- NATO Kosovo Force
- Operation Enduring Freedom
- Operation Freedom’s Sentinel
- Operation Inherent Resolve
- Operation Iraqi Freedom
- Operation New Dawn
- Operation Odyssey Lightning
- Operation Spartan Shield
- U.S. Africa Command Operations
- U.S. Central Command operations
- The People Behind The Sacrifice
Army 1st Lt. Jason G. Timmerman
Died February 21, 2005 Serving During Operation Iraqi Freedom
24, of Tracy, Minn.; assigned to the 1st Battalion, 151st Field Artillery, 34th Infantry Division, Minnesota Army National Guard, Montevideo, Minn.; killed Feb. 21 when an improvised explosive device detonated as he was assisting injured soldiers in his unit in Baghdad. Also killed were Army Staff Sgt. David F. Day and Army Sgt. Jesse M. Lhotka.
Minnesota Guardsman killed in Iraq
COTTONWOOD, Minn. — An Army National Guard soldier from Minnesota has been killed in Iraq.
1st Lt. Jason Timmerman, of Cottonwood, died Monday, according to Carmen Brunsvold, who leads a Marshall-based Guard support group.
Brunsvold told the Independent of Marshall that she spent Monday evening with Timmerman’s parents, Gary and Pat Timmerman.
Lt. Col. Denny Shields, a Guard spokesman, said information on military fatalities had to come from the Department of Defense. The Defense Department cannot release information until 24 hours after the family has been notified, said Staff Sgt. Christina Delai.
The military reported three soldiers were killed Monday in Baghdad when a roadside bomb detonated as they were evacuating a fellow soldier.
Timmerman graduated from Lakeview High School and had gotten married last year, the Independent reported.
Before Monday, 13 Minnesota service members had died in military operations in Iraq.
Soldier killed in Iraq honored
MARSHALL, Minn. — Clara Schilling didn’t know Jason Timmerman. She just thought it was important to pay her respects as Timmerman, one of three Minnesota National Guardsmen killed in Baghdad, was laid to rest on Tuesday.
Schilling drove from Redwood Falls to the Church of the Holy Redeemer, joining a tide of people honoring Timmerman that included Gov. Tim Pawlenty and the state’s two senators. She stayed just long enough to leave her card and donation.
“I had six in the (military) myself,” Schilling said. “In the military, the boys go up against some tough problems. I just feel so bad. Mine all came home.”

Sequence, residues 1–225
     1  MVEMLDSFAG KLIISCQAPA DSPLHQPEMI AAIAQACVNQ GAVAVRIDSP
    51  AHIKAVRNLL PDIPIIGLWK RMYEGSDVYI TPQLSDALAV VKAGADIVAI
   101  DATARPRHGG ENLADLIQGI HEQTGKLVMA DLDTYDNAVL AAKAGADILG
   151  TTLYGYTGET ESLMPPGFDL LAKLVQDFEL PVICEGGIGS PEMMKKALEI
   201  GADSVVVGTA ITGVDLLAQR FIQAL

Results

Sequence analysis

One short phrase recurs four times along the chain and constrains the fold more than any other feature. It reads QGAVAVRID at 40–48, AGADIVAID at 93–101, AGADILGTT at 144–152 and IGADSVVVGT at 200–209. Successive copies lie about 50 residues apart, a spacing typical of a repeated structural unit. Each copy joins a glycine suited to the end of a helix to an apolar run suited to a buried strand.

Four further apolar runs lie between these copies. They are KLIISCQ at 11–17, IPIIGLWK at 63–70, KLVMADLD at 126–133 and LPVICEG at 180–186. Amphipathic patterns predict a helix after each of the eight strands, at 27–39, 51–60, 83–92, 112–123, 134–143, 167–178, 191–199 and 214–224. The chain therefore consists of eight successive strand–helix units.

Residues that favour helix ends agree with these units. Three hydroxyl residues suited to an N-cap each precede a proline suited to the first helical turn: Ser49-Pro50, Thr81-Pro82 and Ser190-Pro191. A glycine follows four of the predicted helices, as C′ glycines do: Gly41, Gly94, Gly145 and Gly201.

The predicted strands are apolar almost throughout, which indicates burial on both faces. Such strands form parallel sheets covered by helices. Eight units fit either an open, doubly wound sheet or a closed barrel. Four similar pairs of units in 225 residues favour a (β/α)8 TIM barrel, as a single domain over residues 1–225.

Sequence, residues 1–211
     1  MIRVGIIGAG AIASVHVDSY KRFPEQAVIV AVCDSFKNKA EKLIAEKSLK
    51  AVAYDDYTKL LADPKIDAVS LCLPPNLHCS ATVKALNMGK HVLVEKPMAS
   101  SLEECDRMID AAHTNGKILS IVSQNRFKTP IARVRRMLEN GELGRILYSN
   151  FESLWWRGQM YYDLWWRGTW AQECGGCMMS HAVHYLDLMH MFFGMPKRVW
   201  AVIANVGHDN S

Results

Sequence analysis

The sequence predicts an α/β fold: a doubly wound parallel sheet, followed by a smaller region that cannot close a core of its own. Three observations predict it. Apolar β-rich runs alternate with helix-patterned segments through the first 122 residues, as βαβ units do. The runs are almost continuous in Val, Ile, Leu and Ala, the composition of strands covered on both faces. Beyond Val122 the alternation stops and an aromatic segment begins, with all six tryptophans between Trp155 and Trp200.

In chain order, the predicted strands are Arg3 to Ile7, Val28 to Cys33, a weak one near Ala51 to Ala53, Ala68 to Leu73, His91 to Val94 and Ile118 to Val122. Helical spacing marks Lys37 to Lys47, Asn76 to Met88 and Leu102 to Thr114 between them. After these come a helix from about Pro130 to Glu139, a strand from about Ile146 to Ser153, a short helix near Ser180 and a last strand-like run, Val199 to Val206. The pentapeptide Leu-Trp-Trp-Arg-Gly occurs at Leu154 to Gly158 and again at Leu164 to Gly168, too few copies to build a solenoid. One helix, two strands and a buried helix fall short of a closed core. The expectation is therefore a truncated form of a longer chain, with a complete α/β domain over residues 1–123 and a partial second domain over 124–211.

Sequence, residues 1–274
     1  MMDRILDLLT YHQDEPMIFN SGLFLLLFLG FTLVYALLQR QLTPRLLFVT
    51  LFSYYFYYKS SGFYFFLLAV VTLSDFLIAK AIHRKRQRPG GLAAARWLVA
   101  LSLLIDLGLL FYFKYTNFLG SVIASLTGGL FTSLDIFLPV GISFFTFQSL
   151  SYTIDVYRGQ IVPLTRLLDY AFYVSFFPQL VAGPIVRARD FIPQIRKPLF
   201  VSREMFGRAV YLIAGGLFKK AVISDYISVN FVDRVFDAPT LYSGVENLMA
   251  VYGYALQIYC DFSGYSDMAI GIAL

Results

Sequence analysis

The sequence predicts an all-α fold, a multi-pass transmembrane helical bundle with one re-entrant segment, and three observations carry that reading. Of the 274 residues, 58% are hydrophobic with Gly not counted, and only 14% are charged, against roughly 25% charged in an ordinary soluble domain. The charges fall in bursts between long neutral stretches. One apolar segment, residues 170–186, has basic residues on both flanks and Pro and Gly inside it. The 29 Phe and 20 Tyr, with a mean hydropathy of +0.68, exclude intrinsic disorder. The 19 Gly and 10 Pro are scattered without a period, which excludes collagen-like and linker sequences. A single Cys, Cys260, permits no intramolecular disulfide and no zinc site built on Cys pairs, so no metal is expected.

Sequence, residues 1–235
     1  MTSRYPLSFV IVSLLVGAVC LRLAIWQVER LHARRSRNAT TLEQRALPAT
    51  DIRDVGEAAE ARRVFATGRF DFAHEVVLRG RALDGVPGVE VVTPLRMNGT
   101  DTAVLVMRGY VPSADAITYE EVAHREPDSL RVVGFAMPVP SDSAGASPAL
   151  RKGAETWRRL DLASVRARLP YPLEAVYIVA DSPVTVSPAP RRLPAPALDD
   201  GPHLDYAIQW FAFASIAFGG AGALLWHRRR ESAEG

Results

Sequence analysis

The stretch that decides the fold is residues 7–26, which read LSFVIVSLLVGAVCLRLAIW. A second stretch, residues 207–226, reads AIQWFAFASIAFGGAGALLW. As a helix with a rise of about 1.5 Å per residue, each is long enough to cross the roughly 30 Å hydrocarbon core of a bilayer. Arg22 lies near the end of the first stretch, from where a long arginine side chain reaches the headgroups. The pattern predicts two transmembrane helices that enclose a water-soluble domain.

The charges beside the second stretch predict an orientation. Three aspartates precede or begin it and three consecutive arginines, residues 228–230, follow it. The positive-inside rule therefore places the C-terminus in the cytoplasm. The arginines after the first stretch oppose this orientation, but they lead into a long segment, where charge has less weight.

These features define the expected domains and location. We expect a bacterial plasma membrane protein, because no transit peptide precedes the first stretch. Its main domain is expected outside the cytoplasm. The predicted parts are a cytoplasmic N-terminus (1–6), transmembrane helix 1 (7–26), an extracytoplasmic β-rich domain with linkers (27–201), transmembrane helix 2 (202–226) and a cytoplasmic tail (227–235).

Timmerman, 24, a first lieutenant from Tracy, Sgt. Jesse Lhotka, 24, of Alexandria, and Staff Sgt. David Day, of St. Louis Park, died Feb. 21 when a roadside bomb exploded. All were members of the same Montevideo-based Guard unit. Services for Lhotka and Day were planned later in the week.
Funeral attendees parked and walked several blocks, or took shuttle buses, to get to Holy Redeemer. Many were family members, friends and co-workers of Timmerman, his wife Teresa, or his parents, Gary and Pat Timmerman.
The family asked reporters to stay away from the service. Pawlenty, on his way into the church, said he simply wanted “to express our gratitude” to Timmerman’s family.
Sen. Mark Dayton, D-Minn., called Timmerman “a true American hero.”
The church, with a capacity of 1,000, couldn’t hold all those who wanted to attend. Some of those turned away at the front doors included members of Timmerman’s Guard unit.
“This is just phenomenal,” said Steve Doom, a Timmerman relative from Cottonwood. “I can’t believe the number of people. ... It’s really been a show of support for him and his family.”
Ahead of Tuesday’s service, Anisa Spray and Becky Brunsvold carried a flower arrangement — designed as an American flag — down the sidewalk outside the church. Three members of Brunsvold’s family are Guard members serving in Iraq; one of them, Quentin Brunsvold, is Spray’s boyfriend.
“It’s a very big eye-opener,” Brunsvold said of the men’s deaths. “I never thought that this would happen. It opens your eyes (and) makes you think this is real.”
“Every time you talk to them now is precious,” Spray said.
Chris Pesch of Cottonwood, yet another member of the Montevideo unit, said he joined the Guard about 4" years ago to earn money for college. He thought more about flood-fighting than combat, he said.
For now, he hasn’t been called up.
“You try not to think of it,” Pesch said. “I could get called up tomorrow.”
— Associated Press